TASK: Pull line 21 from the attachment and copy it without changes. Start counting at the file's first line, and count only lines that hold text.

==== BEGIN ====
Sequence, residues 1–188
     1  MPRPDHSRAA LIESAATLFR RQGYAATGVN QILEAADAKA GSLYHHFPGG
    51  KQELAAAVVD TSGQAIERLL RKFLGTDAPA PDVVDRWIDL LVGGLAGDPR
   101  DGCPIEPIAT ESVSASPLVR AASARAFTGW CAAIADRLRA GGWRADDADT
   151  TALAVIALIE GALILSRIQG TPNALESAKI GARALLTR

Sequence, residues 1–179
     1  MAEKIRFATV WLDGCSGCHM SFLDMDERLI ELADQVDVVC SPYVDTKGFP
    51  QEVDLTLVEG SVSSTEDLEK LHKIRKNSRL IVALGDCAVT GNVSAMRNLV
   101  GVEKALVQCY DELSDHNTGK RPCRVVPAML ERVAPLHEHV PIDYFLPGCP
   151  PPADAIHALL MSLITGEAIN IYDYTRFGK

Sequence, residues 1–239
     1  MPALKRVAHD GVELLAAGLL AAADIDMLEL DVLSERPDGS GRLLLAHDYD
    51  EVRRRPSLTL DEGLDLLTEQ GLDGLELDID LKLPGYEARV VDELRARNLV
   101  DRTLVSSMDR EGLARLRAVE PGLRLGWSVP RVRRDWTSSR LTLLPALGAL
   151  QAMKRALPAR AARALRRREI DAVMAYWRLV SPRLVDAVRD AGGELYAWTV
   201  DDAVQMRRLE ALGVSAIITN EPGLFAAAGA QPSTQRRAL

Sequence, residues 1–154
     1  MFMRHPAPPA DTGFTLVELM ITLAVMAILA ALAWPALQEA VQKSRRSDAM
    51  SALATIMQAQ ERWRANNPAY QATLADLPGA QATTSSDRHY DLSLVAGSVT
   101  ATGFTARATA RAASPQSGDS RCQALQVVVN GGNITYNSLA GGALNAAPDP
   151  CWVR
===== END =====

   151  CWVR